California Aqueduct Todd Fitchette
The California Aqueduct conveys water from northern to southern California.

California boosts SWP allocation to 60 percent

Improved water conditions allows California Department of Water Resources to boost promised deliveries of state-controlled water to 60 percent

California’s epic drought may be waning as reservoirs fill and flood waters restore aquifers, but that’s not enough for the state to promise a full allotment of water this year.

Still, the news is positive as the Department of Water Resources (DWR) upped its allocation from 45 percent to 60 percent of the water supply it controls across the state.

“Our water supply outlook is definitely brighter, but we still haven’t shaken off the effects of our historic drought,” said DWR Acting Director William Croyl in a prepared statement.

The 29 agricultural and urban water users served by the State Water Project (SWP) requested 4.17 million acre feet of SWP water deliveries earlier in the year.

Much of that water is held behind Oroville Dam in northern California, where current storage is about 80 percent of the 3.5 million acre foot capacity.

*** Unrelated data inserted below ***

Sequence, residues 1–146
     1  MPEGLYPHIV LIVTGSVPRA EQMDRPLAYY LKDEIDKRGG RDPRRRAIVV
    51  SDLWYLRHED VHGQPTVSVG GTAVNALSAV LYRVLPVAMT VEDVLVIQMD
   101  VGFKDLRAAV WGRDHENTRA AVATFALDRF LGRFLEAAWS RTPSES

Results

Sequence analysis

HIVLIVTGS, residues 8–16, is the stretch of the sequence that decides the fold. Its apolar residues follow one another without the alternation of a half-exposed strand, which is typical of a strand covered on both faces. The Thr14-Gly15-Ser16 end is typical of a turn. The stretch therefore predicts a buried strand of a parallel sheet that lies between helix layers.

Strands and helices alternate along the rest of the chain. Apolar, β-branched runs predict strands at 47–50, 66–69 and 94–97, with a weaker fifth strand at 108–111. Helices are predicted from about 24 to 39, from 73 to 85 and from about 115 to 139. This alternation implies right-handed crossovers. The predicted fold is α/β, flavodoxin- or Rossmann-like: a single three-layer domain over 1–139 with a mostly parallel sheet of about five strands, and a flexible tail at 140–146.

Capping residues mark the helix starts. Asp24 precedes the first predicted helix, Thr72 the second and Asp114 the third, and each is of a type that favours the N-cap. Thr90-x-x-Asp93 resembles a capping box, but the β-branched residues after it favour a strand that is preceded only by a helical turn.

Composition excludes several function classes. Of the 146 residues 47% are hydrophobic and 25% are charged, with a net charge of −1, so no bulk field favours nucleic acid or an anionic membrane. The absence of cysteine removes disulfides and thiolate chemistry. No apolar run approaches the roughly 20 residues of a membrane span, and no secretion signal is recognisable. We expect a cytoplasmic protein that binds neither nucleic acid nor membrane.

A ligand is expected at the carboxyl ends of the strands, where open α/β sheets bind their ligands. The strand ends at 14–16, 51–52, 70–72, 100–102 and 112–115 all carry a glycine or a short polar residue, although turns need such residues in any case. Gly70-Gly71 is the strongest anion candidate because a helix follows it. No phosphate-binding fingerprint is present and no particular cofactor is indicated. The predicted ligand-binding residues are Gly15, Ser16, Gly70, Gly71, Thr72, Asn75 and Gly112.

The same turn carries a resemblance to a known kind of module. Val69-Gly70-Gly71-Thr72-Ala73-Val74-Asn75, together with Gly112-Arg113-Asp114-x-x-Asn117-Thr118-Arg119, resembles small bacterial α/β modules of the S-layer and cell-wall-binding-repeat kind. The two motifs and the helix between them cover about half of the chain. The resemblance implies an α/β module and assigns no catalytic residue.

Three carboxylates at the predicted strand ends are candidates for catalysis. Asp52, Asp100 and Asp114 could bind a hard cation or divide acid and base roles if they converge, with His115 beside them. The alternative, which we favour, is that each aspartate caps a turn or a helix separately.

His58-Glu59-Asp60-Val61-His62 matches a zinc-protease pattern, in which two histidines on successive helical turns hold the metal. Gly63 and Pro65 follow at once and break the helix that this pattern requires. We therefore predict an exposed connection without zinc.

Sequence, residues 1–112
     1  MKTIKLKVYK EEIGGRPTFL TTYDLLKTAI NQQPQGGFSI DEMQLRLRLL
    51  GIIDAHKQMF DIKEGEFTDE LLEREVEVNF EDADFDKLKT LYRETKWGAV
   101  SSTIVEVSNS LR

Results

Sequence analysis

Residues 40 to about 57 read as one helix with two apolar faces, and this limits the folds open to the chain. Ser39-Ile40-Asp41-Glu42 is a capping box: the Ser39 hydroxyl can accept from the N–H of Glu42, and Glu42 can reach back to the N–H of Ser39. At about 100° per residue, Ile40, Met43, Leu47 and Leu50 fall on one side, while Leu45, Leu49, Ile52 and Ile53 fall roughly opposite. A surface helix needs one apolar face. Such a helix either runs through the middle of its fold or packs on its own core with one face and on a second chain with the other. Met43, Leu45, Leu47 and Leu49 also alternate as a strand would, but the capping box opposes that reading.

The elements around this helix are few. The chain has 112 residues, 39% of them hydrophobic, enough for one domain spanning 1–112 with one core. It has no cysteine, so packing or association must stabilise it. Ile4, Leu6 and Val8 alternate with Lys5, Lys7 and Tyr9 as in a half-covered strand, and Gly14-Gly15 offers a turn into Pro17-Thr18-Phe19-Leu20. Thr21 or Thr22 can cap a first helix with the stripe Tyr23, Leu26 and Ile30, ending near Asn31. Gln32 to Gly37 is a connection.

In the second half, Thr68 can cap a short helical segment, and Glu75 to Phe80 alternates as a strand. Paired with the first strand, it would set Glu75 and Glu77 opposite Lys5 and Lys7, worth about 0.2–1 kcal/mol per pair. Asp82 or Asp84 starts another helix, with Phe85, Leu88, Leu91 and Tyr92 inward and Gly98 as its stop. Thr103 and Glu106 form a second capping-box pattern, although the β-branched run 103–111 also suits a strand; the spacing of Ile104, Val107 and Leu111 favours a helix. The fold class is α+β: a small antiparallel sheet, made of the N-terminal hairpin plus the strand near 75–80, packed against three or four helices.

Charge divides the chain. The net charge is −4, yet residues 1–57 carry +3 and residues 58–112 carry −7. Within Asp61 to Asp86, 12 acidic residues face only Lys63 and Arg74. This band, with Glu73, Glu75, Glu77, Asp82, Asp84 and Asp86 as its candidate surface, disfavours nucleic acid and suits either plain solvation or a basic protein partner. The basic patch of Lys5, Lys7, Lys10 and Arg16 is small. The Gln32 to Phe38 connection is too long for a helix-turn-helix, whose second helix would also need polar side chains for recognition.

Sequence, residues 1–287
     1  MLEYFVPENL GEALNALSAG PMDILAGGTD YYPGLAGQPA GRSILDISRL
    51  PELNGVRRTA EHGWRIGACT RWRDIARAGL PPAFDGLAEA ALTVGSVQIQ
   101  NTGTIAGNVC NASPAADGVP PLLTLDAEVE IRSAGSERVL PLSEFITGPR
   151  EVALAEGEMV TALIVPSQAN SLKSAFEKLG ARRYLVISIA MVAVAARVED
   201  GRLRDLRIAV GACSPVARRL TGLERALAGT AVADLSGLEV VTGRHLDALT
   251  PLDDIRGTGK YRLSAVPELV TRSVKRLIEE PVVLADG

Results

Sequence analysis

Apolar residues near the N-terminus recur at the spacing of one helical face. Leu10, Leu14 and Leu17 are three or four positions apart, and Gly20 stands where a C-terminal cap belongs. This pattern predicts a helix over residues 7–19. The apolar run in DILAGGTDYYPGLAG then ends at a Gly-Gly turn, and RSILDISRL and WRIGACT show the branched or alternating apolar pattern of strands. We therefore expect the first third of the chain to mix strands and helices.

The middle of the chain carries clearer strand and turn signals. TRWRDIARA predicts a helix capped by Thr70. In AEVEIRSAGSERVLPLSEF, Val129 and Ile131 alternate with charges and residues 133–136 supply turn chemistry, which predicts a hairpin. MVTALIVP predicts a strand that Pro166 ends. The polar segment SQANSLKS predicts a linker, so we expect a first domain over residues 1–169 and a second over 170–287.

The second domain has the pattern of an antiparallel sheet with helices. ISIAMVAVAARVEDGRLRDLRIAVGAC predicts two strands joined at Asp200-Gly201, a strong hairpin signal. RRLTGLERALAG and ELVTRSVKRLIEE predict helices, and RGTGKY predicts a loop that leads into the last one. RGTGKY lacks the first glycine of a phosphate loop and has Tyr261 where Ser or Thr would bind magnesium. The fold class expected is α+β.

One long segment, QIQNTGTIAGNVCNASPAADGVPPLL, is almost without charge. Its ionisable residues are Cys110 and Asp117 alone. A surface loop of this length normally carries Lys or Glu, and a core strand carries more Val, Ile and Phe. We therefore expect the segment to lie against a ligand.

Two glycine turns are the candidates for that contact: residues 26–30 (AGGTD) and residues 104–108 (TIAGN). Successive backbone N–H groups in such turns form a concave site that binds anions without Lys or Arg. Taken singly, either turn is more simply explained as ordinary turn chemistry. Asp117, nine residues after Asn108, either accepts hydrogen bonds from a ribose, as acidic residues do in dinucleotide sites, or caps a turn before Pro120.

DWR has not allocated 100 percent of the water it controls since 2006 because of regulatory restrictions on Delta water pumping, which is used to store water in San Luis Reservoir near Los Banos.

The off-stream reservoir is used to meter out water during California’s long, dry summers, but in past years has been limited because the state failed to increase storage because of the pumping restrictions ostensibly used to protect endangered fish.

Last year SWP contractors received 60 percent of their water requests, the highest received since 2012 when 65 percent was released for use by water users.

The likelihood that water users will receive a full allotment this year, in spite of the promising water conditions is unlikely because of regulatory constraints.

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